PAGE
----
Pigment prints on unbound copy of “Man: Teaching Notes from the Bauhaus” by Oskar Schlemmer.
159 pages, offset, original edition from 1971.
7 x 9 in., 10 x 12 in. framed
The German artist Oskar Schlemmer’s costumes, drawings and writing often depicted and described human forms that were disciplined and, at times, replaced by abstract shapes and mechanical parts. Throughout his drawings and notes, anonymous men of European descent formed the basis for his idealized notion of human identity. Progressively, they, too, were subjected to overlays of rigid geometries and metricized proportions.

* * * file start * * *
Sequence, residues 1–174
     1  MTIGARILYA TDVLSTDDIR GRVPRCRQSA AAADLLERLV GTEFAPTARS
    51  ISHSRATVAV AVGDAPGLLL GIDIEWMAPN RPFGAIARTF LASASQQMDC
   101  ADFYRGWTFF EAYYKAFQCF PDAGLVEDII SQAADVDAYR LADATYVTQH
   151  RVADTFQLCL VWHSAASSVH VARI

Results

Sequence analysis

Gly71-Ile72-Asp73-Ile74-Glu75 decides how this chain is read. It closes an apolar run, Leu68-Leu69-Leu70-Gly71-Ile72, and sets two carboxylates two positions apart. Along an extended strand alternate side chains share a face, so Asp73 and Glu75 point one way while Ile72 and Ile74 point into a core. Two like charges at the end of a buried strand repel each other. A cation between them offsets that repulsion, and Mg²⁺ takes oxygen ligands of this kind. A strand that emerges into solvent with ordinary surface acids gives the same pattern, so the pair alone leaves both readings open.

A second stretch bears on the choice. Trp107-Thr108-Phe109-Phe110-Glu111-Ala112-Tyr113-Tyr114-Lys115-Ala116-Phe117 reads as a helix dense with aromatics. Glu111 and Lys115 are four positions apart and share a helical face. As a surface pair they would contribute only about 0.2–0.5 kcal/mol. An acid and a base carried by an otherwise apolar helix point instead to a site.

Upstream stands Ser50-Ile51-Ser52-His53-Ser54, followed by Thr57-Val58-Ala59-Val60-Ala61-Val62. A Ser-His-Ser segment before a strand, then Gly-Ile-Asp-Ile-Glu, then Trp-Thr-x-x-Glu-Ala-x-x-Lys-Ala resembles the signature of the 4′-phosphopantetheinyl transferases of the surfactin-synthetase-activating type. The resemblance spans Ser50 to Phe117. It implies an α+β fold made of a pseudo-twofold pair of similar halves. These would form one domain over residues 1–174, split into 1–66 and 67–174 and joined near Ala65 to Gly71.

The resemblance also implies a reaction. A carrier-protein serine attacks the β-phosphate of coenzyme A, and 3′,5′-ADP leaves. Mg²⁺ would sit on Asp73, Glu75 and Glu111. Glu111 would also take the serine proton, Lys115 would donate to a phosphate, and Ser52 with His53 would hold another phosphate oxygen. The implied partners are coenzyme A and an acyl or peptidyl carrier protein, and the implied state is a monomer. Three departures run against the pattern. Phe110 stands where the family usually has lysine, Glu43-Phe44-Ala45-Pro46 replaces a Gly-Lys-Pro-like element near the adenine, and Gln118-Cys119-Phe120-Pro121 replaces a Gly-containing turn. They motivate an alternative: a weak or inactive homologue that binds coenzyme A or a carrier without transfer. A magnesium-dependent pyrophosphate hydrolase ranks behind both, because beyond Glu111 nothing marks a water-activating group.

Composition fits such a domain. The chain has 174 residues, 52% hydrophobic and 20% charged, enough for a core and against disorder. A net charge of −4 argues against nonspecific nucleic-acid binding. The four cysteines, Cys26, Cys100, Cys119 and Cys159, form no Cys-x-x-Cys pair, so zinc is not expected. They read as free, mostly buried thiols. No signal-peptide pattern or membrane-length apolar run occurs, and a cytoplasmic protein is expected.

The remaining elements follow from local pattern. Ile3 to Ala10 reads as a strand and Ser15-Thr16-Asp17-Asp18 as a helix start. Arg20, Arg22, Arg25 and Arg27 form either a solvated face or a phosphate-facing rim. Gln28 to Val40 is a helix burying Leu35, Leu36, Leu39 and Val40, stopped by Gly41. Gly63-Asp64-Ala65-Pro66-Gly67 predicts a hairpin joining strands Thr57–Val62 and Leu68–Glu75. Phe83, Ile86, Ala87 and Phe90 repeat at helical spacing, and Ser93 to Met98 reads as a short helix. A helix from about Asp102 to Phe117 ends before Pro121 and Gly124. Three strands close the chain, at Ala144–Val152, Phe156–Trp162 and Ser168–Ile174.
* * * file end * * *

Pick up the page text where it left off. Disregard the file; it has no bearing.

In Man (der Mensch), a book published posthumously after Schlemmer’s death, this substitution of the bodily with the geometric reveals itself as far more than a formal preoccupation, or a visual articulation of the effects of industry on the human body. Schlemmer was in search of a new theory of life. At the core of his obsession was a desire for social standardization, one which assumed erasure as a requisite technique for developing his norms and standards for human identity.
Using a system of overlaid pigment printing atop an unbound copy of Schlemmer’s book, this series of pigment prints explores the disciplining and cancellation of identity through the techniques of annulment, redaction, effacement and layering.